“The perceived threat has to be recognized before dissociation can stop,” she said. “The situation, conversation or person has to stop/leave, before your nervous system can come out of dissociation, and before your rational mind can come back online”.
Put simply, “we dissociate when we feel trapped,” said Angela.
One of the frightening things about dissociation is that the person who is experiencing it, doesn’t notice it is happening, “It takes skill and help from a loved one to find out how dissociation looks and feels for you.”
I asked Angela to walk me through an experience with dissociation, to explain it to me in a way that someone with no knowledge of this disorder would understand. “A great example is in a previous relationship I had, which was not abusive, but certainly had its dysfunctional moments. There were times when I felt trapped in a situation unable to leave it, calm it down, or get it resolved.”
“At first, I would get very quiet. I’d choose my words very carefully, and monitor my movements very carefully, not moving very much at all, except for a few subtle telltale twitches. I would breathe very shallow,” she explained. “This is a nice example of what freeze mode can look and feel like”. Freeze mode is a term that Angela uses to describe a state of her nervous system when under stress.
“Then, I would try to leave or talk myself out of the situation, so flight mode would take over,” she explains. “My ability to be rational would be offline at this point.”
“Then, if I couldn’t escape the situation, fight mode would take over. If you heard me, you would hear me shouting something like ‘YOU NEED TO STOP. I HATE THIS!‘ And I would start to use blaming language”.
“I wasn’t trying to be malicious,” she explained. “I was just so full to capacity that I couldn’t self-regulate. The inner child takes over, and the inner child is completely self-centered”.
She describes herself as taking on a child-like demeanor as she dissociates. “My manner of speaking, the words I chose, even my body language would be different. To an outsider I would look like a drama queen. My partner would say “stop with the drama”, and rightly so, but that just made me feel more shame, which made the feeling of being trapped even worse”.
Dissociation ends when the situation resolves itself, and for Angela, the resolution of an argument would “bring her senses back online.” Raised voices, and particularly yelling, is a significant trigger for her, and very much increases the likelihood that her nervous system will move into dissociation. She wanted to make it clear that she is grateful for the relationship that’s being discussed here.
I asked her what happens once her senses come back online. She takes a deep breath and it is obvious that this is a difficult thing to re-live. “It sucks when the expression of emotion comes back,” she said. “I cry when I am out of dissociation, and not a regular lady cry,” she laughed. “It is a deep cry with coughing, it can last around 10 minutes and I try to avoid being seen or heard when this is happening.”
“It feels in my body, highly dramatic, like a storm,” she recalls. “Then I am very tired after.”
“In dissociation we are two separate entities and only one is functioning, and to reintegrate after that separation is exhausting and the exhaustion lasts for about a day after.”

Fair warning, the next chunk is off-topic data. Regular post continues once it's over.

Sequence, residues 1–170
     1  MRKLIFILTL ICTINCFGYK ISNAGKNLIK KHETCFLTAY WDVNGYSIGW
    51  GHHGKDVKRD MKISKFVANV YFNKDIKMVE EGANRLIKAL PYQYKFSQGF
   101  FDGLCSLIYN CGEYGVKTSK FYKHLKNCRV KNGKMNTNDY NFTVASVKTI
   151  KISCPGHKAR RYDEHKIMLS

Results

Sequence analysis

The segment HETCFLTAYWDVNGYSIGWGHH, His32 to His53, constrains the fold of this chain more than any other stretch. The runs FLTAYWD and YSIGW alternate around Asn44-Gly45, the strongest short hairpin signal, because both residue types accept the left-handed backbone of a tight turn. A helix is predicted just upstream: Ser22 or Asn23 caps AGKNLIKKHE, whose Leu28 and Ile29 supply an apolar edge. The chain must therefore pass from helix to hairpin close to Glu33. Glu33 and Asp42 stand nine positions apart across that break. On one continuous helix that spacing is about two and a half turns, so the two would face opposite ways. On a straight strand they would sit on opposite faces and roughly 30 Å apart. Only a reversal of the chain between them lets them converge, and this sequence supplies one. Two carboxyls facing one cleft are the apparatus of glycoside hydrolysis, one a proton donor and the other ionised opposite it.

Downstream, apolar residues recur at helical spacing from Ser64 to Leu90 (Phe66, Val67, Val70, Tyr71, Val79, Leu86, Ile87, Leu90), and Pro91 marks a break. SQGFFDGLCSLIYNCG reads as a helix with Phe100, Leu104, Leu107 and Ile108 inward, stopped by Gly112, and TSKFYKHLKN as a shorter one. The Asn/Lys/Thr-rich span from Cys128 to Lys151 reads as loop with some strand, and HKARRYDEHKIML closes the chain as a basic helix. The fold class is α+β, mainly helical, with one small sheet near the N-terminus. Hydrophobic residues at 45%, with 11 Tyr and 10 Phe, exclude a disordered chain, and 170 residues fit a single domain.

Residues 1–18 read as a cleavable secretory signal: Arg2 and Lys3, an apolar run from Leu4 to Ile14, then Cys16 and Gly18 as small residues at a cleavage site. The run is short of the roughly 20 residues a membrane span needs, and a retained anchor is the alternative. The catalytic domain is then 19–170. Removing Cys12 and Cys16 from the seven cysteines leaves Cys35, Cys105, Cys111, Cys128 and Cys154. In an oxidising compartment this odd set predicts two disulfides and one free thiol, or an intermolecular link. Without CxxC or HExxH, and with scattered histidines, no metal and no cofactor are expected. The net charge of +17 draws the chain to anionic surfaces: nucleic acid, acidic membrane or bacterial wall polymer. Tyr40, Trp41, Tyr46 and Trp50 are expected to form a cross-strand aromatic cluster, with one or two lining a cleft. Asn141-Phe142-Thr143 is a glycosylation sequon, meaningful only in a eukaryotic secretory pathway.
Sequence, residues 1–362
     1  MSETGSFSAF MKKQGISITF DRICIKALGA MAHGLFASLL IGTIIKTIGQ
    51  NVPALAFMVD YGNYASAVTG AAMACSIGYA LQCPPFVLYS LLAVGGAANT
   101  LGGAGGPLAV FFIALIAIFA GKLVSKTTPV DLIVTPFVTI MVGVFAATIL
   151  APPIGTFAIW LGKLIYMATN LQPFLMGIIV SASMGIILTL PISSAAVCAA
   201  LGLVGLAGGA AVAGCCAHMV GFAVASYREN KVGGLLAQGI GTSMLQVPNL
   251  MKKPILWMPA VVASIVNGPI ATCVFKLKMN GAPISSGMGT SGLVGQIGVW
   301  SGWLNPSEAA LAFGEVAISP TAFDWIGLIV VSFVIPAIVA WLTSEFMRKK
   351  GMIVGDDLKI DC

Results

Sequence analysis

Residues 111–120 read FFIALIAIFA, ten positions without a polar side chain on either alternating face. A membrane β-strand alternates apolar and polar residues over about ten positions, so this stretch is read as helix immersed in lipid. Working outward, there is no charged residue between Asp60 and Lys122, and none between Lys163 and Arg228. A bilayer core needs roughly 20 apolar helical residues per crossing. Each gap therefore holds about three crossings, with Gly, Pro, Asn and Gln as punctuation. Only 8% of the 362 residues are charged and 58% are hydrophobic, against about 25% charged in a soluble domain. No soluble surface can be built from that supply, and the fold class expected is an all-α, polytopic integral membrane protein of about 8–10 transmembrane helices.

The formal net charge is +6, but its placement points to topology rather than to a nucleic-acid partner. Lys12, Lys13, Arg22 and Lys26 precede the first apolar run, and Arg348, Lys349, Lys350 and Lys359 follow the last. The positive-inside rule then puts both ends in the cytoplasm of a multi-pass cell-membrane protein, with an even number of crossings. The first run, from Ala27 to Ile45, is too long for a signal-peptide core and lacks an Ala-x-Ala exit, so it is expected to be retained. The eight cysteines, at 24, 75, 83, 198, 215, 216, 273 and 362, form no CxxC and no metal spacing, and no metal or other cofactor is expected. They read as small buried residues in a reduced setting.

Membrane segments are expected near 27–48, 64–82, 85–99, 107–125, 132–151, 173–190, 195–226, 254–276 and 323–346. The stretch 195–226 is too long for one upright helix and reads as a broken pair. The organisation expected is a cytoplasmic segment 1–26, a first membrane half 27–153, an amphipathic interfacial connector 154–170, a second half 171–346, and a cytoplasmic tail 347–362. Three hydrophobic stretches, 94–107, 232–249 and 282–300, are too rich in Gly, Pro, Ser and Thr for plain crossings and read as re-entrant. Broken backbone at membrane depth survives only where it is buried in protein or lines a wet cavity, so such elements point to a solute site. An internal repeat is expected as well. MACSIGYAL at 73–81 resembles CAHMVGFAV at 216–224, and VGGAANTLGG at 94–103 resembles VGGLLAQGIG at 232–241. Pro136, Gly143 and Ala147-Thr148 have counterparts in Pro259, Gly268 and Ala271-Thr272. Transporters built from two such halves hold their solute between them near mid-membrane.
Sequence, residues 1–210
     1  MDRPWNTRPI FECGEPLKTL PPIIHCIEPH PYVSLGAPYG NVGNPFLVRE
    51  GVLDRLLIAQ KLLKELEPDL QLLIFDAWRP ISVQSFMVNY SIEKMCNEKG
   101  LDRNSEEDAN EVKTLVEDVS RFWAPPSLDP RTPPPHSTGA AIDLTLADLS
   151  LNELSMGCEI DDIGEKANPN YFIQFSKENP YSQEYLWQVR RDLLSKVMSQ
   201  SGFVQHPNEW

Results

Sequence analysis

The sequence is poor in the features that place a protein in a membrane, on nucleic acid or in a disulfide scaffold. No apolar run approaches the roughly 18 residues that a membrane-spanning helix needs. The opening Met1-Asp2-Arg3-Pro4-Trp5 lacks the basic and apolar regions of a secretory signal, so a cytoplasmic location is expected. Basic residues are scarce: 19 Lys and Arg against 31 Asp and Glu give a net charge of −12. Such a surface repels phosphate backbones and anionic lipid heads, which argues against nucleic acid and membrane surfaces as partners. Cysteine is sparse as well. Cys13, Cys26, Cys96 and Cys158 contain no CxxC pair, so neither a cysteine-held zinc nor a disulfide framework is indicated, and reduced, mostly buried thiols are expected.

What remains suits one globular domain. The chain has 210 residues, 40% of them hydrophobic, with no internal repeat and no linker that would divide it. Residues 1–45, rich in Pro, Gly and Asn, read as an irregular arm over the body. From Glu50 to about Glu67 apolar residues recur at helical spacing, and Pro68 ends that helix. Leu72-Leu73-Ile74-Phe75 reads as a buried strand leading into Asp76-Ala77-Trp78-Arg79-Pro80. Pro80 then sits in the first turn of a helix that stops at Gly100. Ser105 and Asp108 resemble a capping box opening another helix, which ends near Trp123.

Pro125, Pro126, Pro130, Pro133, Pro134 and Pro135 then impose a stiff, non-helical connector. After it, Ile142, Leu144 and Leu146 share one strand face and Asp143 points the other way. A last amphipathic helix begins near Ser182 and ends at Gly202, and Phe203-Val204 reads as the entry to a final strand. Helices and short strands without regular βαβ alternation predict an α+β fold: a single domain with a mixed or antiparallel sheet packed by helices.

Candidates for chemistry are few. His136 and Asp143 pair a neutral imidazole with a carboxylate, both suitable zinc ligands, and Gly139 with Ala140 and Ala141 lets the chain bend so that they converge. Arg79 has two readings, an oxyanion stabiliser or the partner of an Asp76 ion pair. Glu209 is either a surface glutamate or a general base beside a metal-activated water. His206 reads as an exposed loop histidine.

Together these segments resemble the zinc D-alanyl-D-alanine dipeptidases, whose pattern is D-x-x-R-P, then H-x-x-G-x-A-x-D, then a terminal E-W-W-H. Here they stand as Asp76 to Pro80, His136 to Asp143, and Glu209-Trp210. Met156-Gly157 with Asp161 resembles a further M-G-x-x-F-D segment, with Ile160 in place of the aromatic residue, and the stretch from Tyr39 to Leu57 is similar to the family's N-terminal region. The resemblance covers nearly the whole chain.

After the crying has finished, she finds she needs to sleep and then have a big workout the next day to release her stress energy. She said of this routine, “It gets me back to my rational, creative thinking and allows me to be socially ‘elegant.’”
Using exercise to help her cope has been an effective tool, but has also come at a great expense to her health, “I have over-trained four times,” she said. “If I didn’t do yoga now, I would have fibromyalgia.”
She explains that people need to have a balanced approach to their mental health and that counselling is potentially one aspect, exercise is another, but that things like music and art are also good outlets.
Newly married, Angela describes her husband as, “the greatest man I’ve ever met.” She goes on to say, “He is intelligent enough to be able to understand it. It has only happened twice with him and neither of those times were his fault.”
As I begin to wrap up the interviews, I usually ask what the interviewee wants people to understand about their mental health disorder.
“I want people to understand that the adult is no longer able to self-regulate. The inner child takes over and the child’s job in that moment is to do whatever it takes to protect the adult,” she said.
Talking about the future of mental health, Angela said it is important that we start to teach our children how to tune into the 5 senses and learn the basics of how the nervous system works.
Working in healthcare, she tries to educate children how to identify their feelings through using certain words like, “stormy, buzzy, numb.” She said this is how they learn to check in with their own nervous system, but more importantly, it teaches them that they have control over it. “I talk about the nervous system to kids, the same way I do to adults,” she said. “We need to give them the knowledge and understanding and we should start talking to them about it as soon as they can talk!”
Lastly, Angela had this to say, “I want people to understand that the experience and perception of situations is the deciding factor of whether or not a person gets traumatized, not the situation itself, so people need to reserve their judgements.”